“Casey Lake (62-5P) is a DNR Public Water with a Natural Environment Lake shoreland classification. The current outlet structure for Casey Lake has a runout elevation of 925.3’, 1’ below the ordinary high water level of 926.3’. The existing outlet structure was authorized by DNR Permit #1991-6202.
To change a lake level control, Minn. Statutes 103G.407 requires that (1) all of the property abutting the ordinary high water level of the public water is in public ownership or the public entity has obtained permanent flowage easements; and (2) that DNR finds that the proposed change in the control level is in the public interest and causes minimal adverse environmental impact. A change in Casey Lake’s control elevation would be restricted by Minn. Rules 6115.0221, subpart 2, which states that “where a functioning outlet existed in a state of nature or for a long period of time following lawful creation, […] the proposed outlet is at essentially the same control elevation.” DNR’s goals for managing public waters, as stated in our rules, include maintaining or restoring natural water level conditions to the maximum feasible extent and limiting the artificial manipulation of water levels, except when the balance of affected public interests clearly warrants the establishment of appropriate controls that are not proposed solely to satisfy private interests.
With regard to the excavation of a public water like Casey Lake, note that DNR’s goals, as stated in our rules, include limiting the excavation of the beds of public waters in order to preserve the natural character of public waters. A project would need to be the "minimal impact" solution to a specific need with respect to all other reasonable alternatives. Excavation of public waterbasins like Casey Lake is specifically regulated by Minn. Rules 6115.0201, subpart 3. To get the required approval from DNR, a public need for the excavation must be established by a local government resolution specifying the public interests to be improved. The excavation project would need to achieve one or more of the following objectives: (1) improve navigation, swimming, and other recreational use; (2) reduce winter fish-kill potential; and/or (3) remove sediment to eliminate a source of nutrients and/or contaminants. To be considered for approval, a proposed excavation project would need to be part of a comprehensive plan for lake improvement that is based upon an rigorous background study with field data, and that includes an analysis of alternatives to excavation. Preparation of an environmental assessment worksheet (EAW) would likely be required by Minn. Rule 4410.4300, subpart 27.”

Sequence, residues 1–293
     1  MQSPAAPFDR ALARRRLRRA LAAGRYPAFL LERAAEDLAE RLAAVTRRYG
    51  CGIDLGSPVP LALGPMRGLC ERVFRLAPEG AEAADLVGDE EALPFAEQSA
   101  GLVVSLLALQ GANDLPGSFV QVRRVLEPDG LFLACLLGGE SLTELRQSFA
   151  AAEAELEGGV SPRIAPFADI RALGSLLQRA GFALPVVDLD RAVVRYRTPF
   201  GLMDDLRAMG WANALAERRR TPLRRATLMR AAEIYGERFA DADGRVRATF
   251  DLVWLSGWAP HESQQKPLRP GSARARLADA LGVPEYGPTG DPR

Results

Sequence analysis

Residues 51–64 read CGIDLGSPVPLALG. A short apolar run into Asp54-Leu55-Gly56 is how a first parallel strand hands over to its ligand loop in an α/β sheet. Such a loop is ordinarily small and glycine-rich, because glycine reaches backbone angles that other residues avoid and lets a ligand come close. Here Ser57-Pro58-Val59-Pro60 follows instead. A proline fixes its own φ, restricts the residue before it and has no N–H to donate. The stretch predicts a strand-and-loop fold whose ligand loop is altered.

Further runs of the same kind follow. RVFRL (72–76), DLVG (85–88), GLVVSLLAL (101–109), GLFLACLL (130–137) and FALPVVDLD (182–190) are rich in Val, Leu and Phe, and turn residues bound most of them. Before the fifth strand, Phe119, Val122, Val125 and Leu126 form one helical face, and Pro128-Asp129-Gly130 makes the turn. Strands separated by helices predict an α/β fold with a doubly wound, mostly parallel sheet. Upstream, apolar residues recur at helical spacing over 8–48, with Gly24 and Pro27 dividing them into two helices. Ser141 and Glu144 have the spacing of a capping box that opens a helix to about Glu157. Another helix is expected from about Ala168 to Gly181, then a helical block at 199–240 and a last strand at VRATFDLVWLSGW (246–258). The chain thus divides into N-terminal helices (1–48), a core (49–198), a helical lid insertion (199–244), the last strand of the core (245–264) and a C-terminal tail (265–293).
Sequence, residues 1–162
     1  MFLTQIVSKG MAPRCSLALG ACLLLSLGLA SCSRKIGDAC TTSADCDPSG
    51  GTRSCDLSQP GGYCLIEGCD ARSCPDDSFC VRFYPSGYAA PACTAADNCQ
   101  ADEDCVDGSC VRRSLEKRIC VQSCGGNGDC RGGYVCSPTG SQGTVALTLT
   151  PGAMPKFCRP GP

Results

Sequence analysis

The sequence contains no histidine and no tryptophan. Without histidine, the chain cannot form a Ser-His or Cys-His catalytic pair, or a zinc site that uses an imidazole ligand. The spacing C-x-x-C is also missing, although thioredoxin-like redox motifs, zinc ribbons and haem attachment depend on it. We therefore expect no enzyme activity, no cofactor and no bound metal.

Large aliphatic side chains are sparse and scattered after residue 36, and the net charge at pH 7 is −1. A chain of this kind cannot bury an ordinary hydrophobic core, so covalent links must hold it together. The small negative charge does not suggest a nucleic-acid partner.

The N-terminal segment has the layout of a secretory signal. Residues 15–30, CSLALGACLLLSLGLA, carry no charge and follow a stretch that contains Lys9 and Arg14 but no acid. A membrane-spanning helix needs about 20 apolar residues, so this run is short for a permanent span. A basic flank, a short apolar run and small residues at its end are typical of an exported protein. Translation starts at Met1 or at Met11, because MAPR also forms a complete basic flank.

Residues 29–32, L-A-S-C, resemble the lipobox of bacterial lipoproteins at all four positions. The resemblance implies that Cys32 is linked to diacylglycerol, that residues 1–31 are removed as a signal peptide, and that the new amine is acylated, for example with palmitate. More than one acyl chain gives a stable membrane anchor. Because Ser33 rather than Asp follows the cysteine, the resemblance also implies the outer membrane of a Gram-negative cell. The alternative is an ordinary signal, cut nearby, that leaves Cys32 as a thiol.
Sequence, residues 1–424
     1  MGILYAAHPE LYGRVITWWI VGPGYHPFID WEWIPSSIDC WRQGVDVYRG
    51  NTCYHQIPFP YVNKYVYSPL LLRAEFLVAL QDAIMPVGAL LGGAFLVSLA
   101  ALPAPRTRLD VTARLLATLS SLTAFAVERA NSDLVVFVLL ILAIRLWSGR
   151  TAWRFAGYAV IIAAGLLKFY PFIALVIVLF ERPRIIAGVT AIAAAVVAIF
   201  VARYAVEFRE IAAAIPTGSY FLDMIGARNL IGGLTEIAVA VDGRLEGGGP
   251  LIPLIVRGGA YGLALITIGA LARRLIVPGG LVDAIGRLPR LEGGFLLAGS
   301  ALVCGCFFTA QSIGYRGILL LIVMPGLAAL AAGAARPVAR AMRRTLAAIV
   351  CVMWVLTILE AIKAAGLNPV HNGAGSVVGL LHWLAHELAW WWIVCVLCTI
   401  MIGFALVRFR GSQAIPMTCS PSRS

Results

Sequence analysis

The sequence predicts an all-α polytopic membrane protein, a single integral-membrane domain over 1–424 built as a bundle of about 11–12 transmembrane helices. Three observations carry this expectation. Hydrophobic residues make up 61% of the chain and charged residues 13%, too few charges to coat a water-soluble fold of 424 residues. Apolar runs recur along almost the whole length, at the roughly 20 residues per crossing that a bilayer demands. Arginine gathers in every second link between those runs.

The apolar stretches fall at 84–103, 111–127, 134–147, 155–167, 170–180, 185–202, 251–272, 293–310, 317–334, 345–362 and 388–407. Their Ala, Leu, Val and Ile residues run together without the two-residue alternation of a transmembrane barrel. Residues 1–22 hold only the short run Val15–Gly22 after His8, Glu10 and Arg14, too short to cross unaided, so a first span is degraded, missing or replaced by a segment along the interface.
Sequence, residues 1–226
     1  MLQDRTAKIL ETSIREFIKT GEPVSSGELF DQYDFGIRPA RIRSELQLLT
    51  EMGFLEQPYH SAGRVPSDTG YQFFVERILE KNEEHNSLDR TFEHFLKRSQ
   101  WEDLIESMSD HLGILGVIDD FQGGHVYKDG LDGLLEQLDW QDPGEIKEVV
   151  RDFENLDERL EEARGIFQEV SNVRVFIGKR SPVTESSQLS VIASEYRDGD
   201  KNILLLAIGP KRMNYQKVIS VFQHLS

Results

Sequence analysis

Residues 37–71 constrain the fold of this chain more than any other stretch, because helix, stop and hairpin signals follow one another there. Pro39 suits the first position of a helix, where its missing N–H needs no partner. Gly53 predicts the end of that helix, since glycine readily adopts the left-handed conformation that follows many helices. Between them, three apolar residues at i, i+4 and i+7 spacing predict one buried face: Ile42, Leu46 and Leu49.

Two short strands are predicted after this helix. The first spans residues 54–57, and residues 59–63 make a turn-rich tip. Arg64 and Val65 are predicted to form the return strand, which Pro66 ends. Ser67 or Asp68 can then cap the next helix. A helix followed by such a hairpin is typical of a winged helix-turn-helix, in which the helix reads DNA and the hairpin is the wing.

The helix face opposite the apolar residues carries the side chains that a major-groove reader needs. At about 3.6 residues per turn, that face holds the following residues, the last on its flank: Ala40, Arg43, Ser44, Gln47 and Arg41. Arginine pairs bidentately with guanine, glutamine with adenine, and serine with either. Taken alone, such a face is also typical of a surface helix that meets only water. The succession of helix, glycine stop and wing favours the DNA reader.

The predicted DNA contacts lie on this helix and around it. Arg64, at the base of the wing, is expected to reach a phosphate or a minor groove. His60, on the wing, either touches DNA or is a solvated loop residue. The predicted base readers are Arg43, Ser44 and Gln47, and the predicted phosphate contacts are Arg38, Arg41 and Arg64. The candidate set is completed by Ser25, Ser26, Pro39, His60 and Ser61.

Board of Soil and Resources Response from Ben Meyer, Wetland Specialist
“Casey Lake is listed on the DNR PWI map as 5P which means it is a regulated Public Water Lake. The DNR would then regulate any excavation or outlet modification. If there is wetland fringe, the activity could not fill, excavate or drain in these areas.(RWMWD note: Casey Lake is a wetland fringe).
WCA allows for excavation of accumulated sediment in deeper water wetlands only when currently used as a stormwater basin (this assumes that stormwater pipes brought in the sediment). Otherwise, excavation would not be allowed in a Types 3, 4, 5 wetland without replacement. “
Residents can reach out to RWMWD staff to schedule time to discuss shoreline restoration options